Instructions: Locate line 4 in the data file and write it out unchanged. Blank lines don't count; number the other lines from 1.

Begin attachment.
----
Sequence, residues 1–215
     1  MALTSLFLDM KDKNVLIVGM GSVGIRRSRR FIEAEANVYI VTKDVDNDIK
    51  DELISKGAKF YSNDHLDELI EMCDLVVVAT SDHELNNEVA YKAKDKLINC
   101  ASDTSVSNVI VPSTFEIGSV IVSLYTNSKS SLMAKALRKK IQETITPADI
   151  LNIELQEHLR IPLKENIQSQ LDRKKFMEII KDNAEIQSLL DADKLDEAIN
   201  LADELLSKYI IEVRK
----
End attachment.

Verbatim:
   101  ASDTSVSNVI VPSTFEIGSV IVSLYTNSKS SLMAKALRKK IQETITPADI